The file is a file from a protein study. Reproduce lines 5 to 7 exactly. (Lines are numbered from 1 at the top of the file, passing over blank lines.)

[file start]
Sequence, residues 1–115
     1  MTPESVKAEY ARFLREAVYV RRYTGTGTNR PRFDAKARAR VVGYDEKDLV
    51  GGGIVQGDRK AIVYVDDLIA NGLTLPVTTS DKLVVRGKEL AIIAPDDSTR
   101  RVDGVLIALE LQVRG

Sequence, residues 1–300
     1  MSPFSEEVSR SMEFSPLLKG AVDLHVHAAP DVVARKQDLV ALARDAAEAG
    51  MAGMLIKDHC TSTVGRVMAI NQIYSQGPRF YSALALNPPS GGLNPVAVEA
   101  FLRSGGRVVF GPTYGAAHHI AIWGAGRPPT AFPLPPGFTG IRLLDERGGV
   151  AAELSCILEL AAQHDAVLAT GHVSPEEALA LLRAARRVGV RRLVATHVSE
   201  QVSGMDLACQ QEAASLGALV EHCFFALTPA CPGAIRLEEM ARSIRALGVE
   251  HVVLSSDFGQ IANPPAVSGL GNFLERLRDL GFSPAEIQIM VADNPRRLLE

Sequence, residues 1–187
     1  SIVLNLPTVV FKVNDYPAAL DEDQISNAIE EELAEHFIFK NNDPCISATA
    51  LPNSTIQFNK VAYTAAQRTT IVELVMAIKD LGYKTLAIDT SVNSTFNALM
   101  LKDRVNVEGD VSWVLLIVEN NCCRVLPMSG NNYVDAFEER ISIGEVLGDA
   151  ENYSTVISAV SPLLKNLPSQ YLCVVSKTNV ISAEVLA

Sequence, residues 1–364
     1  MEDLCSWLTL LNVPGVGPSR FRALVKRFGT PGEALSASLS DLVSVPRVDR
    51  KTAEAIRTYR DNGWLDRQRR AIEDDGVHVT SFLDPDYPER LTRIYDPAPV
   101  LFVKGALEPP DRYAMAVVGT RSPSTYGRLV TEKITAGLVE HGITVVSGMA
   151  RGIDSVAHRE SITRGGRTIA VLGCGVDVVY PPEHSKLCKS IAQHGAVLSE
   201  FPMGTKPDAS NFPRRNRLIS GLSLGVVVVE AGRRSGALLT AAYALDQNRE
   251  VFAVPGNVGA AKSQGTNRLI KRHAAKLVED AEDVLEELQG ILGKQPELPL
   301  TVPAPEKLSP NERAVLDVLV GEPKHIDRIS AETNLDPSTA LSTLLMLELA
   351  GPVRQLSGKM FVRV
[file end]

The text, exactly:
Sequence, residues 1–300
     1  MSPFSEEVSR SMEFSPLLKG AVDLHVHAAP DVVARKQDLV ALARDAAEAG
    51  MAGMLIKDHC TSTVGRVMAI NQIYSQGPRF YSALALNPPS GGLNPVAVEA